New York hospitals began firing or suspending health-care workers for defying a state order to get the COVID-19 vaccine, and resulting staff shortages prompted some hospitals to postpone elective surgeries or curtail services.
In the Asia-Pacific region, Pakistan’s planning minister says the government will begin a drive to vaccinate children ages 12 and above to protect them from the coronavirus.
Japan’s government announced Tuesday that the coronavirus state of emergency will end this week to help rejuvenate the economy as infections slow.
In the Middle East, Jordan will fully reopen its main border crossing with Syria from Wednesday, government and industry officials said, as a high-level Syrian team arrived in Amman to discuss how to ease the flow of goods hit by the pandemic and a decade of conflict.
In Africa, health officials in South Africa on Monday reported 578 new cases of COVID-19 and 164 additional deaths, bringing the number of reported deaths in the country to 87,216.
Meanwhile, the head of the World Trade Organization said on Tuesday that the low COVID-19 vaccination rate of around four per cent in Africa was “devastating,” saying that trade should help address vaccine inequity.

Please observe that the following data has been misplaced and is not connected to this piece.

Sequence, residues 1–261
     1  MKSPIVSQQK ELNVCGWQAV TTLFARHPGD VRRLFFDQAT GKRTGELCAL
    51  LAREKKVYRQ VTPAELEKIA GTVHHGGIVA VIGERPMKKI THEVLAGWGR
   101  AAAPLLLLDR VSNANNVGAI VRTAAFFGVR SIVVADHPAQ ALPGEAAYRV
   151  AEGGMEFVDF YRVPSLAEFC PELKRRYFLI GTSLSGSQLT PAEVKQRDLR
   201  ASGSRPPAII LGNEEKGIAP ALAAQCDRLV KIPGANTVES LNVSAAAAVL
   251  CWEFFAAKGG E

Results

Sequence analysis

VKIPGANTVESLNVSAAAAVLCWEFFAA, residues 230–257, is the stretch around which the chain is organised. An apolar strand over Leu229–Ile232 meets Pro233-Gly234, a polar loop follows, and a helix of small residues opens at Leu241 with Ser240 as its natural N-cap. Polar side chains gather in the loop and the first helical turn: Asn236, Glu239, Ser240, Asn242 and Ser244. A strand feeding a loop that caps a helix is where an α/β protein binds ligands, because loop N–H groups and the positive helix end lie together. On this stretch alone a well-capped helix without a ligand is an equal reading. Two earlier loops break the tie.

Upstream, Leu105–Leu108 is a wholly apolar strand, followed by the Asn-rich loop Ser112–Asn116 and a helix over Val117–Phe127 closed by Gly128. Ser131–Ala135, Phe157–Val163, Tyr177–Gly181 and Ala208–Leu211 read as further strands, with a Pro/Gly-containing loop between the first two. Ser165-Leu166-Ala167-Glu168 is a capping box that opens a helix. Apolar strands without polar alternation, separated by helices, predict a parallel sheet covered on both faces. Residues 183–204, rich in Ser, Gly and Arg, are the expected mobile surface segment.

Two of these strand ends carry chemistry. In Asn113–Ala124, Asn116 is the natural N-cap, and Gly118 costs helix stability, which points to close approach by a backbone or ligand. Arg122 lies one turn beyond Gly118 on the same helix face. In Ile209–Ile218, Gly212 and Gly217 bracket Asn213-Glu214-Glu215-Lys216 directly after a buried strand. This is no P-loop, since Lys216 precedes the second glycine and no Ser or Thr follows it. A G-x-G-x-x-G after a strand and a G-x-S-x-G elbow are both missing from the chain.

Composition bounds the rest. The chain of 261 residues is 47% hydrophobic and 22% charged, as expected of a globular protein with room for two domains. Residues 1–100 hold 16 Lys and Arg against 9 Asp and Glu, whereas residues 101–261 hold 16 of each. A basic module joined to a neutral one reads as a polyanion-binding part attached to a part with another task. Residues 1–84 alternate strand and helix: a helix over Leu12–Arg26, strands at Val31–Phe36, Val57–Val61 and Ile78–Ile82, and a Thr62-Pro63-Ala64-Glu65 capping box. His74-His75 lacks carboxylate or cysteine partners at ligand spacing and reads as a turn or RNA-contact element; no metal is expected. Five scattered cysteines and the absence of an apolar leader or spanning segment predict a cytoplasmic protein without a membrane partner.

WTO director general Ngozi Okonjo-Iweala’s remarks came at the opening session of a Geneva-based trade event alongside South Africa’s President Cyril Ramaphosa.
In Europe, Portugal is winding down its military-led vaccine task force after almost reaching its target of fully inoculating 85 per cent of the population against COVID-19.
-From The Associated Press, Reuters and CBC News, last updated at 8:15 a.m. ET
Canada foreign minister says eyes wide open when it comes to normalizing China ties
Canada‘s “eyes are wide open” when it comes to normalizing its relationship with China, Foreign Minister Marc Garneau said on Sunday, two days after the release of a Huawei executive following almost three years of house arrest in Vancouver.
Huawei Technologies Co Ltd Chief Financial Officer Meng Wanzhou, the daughter of Huawei founder Ren Zhengfei, flew back to China on Friday after reaching an agreement with U.S. prosecutors to end a bank fraud case against her. That resulted in the scrapping of her extradition battle in a Canadian court.
Soon after Meng flew to China, Michael Kovrig and Michael Spavor – two Canadians detained by Chinese authorities just days after Meng’s arrest in Vancouver in December 2018 on a U.S. warrant – were released by Beijing.